If you are injured or you become ill while not on the job, you may be eligible for New York State short-term disability benefits under its Disability Benefits Law (DBL). While these benefits are limited both in amount and number of payments, they can be very helpful in providing cash to those who are temporarily unable to work.
In order to be eligible for short-term disability benefits, you must have become injured or ill while not at work but must be employed, or recently employed, at the time of illness or injury. (Those who are injured on the job are covered under a different set of rules.) Additionally, pregnancy is covered under short-term disability.
The employees who are covered by disability include:
The definition of covered employer generally includes all employers who have one or more employees. Some exclusions to this definition include government workers, religious leaders, those providing work in return for charity care, and high school students who work part-time or only during vacations.
The New York State Workers' Compensation Board, under the New York State Department of Labor, oversees short-term disability benefits. New York State law requires that every covered employer provides insurance to cover short-term disability benefits for their employees. Under the Workers' Compensation Board, the New York State Insurance Fund (NYSIF) provides insurance to a vast majority of employers in New York State.
The New York State Workers' Compensation Board can be contacted regarding short-term disability insurance for employees who are disabled due to non-work-related illnesses or injuries at (518) 462-8881 or (800) 353-3092. NYSIF may be contacted directly if the insurance fund is your employer's insurer.
Another option that is available to employers is the ability to apply to the Board for an exemption that allows them to self-insure, meaning they would pay short-term disability benefits themselves instead of paying for insurance to do so. If your company self-insures, contact them directly to coordinate disability payments.
It is very important to note that if you become disabled and qualify for short-term disability insurance, you must file your claim within 30 days of becoming disabled.
If you are working -- or are unemployed and have been collecting unemployment benefits for less than four weeks -- at the time your disability began, you will file a DB-450 form. These forms can be obtained through your employer. Completed DB-450 forms should be sent to: NYSIF Disability Benefits Claims; 15 Computer Drive West; Albany, NY 12205.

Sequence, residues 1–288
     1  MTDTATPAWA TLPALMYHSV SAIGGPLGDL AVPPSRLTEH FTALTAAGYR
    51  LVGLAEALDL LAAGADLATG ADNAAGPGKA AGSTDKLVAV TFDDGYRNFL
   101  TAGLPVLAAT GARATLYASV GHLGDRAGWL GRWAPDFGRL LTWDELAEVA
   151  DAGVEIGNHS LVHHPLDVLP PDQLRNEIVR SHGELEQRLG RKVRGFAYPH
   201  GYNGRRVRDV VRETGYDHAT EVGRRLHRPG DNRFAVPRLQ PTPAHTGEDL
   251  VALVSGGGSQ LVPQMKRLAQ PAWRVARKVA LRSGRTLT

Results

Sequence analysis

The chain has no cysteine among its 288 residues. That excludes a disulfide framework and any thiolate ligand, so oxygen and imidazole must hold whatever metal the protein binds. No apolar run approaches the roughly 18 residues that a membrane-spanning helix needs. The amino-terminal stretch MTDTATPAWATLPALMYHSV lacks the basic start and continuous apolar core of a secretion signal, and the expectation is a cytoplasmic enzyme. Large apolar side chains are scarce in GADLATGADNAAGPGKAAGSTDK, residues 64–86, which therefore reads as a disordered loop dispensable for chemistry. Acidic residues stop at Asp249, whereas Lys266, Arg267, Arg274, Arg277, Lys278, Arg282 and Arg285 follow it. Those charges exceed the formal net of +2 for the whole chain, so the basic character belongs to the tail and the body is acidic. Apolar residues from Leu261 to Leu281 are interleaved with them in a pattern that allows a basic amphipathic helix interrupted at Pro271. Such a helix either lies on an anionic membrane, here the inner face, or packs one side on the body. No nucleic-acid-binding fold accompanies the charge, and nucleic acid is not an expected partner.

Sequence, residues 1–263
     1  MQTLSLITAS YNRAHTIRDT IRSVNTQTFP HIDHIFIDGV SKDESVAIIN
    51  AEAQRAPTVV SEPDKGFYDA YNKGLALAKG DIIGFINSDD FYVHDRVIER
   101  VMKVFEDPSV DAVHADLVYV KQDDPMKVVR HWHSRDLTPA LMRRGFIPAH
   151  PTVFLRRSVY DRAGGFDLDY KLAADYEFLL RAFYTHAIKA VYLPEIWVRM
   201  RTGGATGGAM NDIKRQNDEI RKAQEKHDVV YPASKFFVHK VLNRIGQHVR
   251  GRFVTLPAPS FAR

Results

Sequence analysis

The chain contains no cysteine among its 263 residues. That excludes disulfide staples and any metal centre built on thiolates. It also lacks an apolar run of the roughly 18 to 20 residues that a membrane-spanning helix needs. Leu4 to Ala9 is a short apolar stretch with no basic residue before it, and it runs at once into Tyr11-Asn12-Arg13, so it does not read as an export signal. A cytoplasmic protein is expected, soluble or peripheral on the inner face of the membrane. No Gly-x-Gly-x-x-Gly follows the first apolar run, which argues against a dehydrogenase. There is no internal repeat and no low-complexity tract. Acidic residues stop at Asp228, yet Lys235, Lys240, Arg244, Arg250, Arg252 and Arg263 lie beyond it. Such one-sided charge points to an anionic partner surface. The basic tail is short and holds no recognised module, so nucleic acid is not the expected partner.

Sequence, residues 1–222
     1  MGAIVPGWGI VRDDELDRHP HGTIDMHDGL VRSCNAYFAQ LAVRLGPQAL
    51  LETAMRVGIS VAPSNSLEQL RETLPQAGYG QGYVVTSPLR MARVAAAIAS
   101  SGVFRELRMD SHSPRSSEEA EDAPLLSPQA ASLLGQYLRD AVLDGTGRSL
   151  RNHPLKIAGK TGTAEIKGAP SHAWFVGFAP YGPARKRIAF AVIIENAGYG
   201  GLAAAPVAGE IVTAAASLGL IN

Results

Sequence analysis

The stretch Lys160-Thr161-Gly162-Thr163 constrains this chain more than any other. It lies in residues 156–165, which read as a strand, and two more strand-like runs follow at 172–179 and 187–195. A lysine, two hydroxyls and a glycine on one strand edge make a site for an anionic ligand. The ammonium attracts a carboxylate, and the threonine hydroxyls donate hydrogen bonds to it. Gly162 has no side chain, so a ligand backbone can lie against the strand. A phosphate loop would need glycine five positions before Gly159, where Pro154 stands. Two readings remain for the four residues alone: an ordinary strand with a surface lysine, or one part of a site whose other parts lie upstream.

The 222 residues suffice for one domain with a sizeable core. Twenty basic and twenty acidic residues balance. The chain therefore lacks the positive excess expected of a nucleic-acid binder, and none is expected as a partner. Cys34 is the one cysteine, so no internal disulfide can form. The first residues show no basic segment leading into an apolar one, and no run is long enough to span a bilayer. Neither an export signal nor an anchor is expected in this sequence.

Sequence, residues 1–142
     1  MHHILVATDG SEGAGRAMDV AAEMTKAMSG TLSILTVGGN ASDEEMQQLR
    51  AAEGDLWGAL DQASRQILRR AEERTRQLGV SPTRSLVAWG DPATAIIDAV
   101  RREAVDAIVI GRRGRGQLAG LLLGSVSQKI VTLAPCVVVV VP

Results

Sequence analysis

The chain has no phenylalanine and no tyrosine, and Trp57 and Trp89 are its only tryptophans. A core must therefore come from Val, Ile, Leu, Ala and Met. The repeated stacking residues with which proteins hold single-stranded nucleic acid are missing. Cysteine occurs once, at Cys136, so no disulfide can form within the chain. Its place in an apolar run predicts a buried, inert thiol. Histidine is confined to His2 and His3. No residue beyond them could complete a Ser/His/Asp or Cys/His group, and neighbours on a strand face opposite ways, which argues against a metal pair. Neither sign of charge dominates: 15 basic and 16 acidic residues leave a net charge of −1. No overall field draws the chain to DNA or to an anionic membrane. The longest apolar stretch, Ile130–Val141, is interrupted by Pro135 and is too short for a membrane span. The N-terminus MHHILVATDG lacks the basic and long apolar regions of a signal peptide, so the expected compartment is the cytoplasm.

If NYSIF is not your employer's insurance provider, contact the Worker's Compensation Board.
If you are unemployed and have been collecting unemployment benefits for longer than four weeks at the time you become disabled, you will file a DB-300 form. These forms can be obtained on the NYSIF website, from your local Workers' Compensation Board, or by calling 800-353-3092. Completed DB-300 forms should be sent to: NYS Workers' Compensation Board – Disability Benefits; 100 Broadway; Menands/Albany, NY 12241.
Both forms require you to fill out a section about your disability, as well as a section to be filled out by your treating physician regarding your disability. Medical evidence regarding your disability may be required for the entire period you are requesting benefits.
For those who are employed or unemployed for less than four weeks, there is an additional section that must be filled out by your employer.
Disability benefits will pay 50% of your average wages (calculated over the prior eight weeks) up to a maximum of $170 per week.
Benefits will begin on your eighth consecutive day out of work; the first seven days is an unpaid waiting period. You can receive benefits for a maximum of 26 weeks in a 52-week period. You will receive payment every two weeks.
For pregnancy, women are covered for six weeks after a normal pregnancy and eight weeks after a Caesarian section (these lengths may be extended if there are complications). Women filing for post-childbirth benefits receive the same payment as those filing for other disabilities.
Medical costs are not covered by disability insurance.
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